Agency researchers are collaborating with the Snoqualmie Tribe of Washington on a pilot study of a Tribe-led community effort to restore 20 acres of riparian habitat along the lower Tolt River, in part to reverse years of declining populations of native fish, including key populations of endangered native salmon (Puget Sound chinook, coho, and steelhead). The researchers are using EPA-developed habitat and landscape models to estimate how increases in tree cover along the river can improve salmon habitat suitability in the form of shading (lower water temperatures), decreases in sediment, and improved streamflow. Their approach has drawn interest from various local stakeholders and is expected to provide a basis for future Puget Sound salmon recovery efforts.

Good Neighbors: The Impacts of Urban Forests

As part of a case study identifying the ways in which ecosystems contribute to the well-being of people living in the Willamette Valley of Oregon, EPA researchers modeled the impact of trees on public lands within the Urban Growth Boundary of Corvallis, Oregon. Impacts included reductions in four air pollutants, (O3, NO2, SO2, PM10), carbon sequestration, decreased stormwater runoff, building energy savings due to shading, and (thanks to city trees), increased real estate values.

Going Back to our Roots: EPA Researchers Help the City of Durham, North Carolina Site New Trees

A team of EPA researchers worked with the Durham Urban Forestry Department on a plan to maximize the benefits of planting 10,000 trees throughout the city. The researchers used EnviroAtlas, a public, online suite of interactive tools that allow users to discover, analyze, and download data and maps related to the benefits people receive from nature.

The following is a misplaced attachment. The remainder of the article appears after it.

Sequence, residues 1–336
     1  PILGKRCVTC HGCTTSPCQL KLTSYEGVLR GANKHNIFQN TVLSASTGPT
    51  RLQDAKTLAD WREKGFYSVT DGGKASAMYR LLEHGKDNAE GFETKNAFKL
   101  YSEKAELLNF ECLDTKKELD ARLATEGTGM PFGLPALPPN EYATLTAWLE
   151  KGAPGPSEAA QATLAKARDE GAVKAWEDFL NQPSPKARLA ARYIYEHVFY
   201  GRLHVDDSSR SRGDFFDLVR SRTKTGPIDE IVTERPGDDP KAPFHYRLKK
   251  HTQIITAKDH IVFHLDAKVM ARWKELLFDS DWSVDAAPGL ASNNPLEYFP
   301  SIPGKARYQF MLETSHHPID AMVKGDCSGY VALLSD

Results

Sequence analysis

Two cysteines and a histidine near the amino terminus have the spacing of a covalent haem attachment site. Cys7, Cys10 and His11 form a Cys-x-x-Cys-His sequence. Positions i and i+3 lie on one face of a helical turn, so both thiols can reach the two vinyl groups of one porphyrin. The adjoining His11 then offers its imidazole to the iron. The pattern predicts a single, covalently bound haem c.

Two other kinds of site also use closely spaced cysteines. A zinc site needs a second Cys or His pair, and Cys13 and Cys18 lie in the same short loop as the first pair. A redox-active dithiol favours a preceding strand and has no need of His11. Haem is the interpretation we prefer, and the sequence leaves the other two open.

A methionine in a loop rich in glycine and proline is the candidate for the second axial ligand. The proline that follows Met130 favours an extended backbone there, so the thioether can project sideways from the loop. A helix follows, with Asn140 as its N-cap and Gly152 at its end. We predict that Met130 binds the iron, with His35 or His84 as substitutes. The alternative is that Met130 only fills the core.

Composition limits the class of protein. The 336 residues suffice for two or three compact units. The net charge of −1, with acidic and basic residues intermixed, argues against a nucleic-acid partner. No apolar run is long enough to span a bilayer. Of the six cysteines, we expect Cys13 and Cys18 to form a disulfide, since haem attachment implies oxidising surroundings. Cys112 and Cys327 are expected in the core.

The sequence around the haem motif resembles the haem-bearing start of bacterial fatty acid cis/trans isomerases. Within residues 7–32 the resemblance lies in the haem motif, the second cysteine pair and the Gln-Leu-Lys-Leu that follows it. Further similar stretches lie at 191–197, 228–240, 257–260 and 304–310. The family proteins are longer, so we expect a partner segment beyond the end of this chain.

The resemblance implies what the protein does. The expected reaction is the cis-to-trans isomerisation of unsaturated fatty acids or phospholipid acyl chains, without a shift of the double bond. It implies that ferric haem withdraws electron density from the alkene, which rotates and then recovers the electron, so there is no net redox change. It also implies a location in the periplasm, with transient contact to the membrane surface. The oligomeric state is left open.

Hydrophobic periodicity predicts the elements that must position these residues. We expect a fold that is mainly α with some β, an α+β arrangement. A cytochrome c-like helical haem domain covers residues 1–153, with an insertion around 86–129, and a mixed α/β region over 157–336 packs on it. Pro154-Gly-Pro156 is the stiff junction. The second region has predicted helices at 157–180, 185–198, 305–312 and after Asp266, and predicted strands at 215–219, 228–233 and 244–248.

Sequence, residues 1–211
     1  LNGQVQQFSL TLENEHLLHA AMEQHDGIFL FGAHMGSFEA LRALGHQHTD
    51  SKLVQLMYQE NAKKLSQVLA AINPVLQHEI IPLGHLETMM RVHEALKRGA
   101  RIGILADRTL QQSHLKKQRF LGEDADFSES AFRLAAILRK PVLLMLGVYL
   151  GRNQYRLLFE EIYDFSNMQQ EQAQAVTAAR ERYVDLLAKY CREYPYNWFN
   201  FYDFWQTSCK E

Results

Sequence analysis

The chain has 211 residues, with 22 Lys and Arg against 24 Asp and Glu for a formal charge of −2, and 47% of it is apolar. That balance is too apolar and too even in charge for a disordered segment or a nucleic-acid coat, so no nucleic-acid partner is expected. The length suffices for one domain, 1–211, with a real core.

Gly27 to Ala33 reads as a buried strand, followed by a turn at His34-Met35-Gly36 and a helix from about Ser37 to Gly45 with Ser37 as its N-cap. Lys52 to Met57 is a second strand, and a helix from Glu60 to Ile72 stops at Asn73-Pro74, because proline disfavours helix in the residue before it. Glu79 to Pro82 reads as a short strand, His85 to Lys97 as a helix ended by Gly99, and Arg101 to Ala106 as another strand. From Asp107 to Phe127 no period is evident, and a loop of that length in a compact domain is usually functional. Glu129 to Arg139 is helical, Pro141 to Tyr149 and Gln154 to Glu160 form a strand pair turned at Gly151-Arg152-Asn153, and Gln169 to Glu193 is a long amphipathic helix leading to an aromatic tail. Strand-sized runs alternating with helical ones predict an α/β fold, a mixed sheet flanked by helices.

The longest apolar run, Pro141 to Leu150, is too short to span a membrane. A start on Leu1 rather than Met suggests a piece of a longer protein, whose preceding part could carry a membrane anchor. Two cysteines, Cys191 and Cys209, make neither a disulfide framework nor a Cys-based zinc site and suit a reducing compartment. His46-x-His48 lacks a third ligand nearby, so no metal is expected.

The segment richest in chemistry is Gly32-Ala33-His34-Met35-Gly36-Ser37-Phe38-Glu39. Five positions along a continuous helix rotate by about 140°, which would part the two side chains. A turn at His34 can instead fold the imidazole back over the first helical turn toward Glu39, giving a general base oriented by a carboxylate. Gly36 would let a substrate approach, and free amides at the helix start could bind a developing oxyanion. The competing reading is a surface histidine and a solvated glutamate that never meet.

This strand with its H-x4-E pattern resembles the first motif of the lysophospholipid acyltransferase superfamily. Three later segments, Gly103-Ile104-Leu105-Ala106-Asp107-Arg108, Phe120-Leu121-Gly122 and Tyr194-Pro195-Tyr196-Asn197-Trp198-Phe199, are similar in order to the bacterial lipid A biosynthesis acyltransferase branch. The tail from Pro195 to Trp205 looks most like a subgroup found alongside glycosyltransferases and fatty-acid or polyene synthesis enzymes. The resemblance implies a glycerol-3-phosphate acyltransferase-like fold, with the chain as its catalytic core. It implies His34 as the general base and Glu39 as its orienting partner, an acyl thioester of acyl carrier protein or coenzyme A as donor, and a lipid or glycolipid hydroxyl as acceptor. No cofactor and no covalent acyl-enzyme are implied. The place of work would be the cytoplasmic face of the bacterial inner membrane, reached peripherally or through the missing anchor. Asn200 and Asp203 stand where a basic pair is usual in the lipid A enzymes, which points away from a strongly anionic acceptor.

These studies and other ecosystem services research show how EPA scientists are working to identify some of the specific, quantifiable benefits we get from trees, adding to the many reasons why Arbor Day isn’t they only day when we should celebrate the trees around us.

Learn more:

Recommendations for Constructing Roadside Vegetation Barriers to Improve Near-Road Air Quality

EPA at 50: Progress for a Stronger Future

Ecosystem Services

Are Greenspaces Good for Your Heart? 


Sources and References Cited:

Baldauf, R. (2017). Roadside vegetation design characteristics that can improve local, near-road air quality. Transportation Research Part D: Transport and Environment52, 354-361.

de Jesus Crespo, R., & Fulford, R. (2018). Eco-Health linkages: assessing the role of ecosystem goods and services on human health using causal criteria analysis.Exit International journal of public health, 1-12. 

Halama, J. AND R. McKane. Modeling Long Term Effects of Riparian Restoration for Salmon Recovery in the Lower Tolt River. 2019 Northwest Indian Fisheries Commission (NWIFC) Habitat Conference, Skokomish, WA, October 23 - 24, 2019. See the EPA Science Inventory entry.

Isaifan, R. AND R. Baldauf. Estimating Economic and Environmental Benefits of Urban Trees in Desert Regions. Urban Forestry & Urban Greening.Exit Elsevier B.V., Amsterdam, Netherlands, NA, (2020). 

Phillips, D. L. Assessment of ecosystem services provided by urban forests: public lands within the Urban Growth Boundary of Corvallis, Oregon. Presented at City of Corvallis, Commission on Civic Beautification and Urban Forestry meeting, Corvallis, OR, May 05, 2011. See the EPA science inventory entry.

Wu, J., Rappazzo, K. M., Simpson, R. J., Joodi, G., Pursell, I. W., Mounsey, J. P., ... & Jackson, L. E. (2018). Exploring links between greenspace and sudden unexpected death: a spatial analysis.Exit Environment international, 113, 114-121.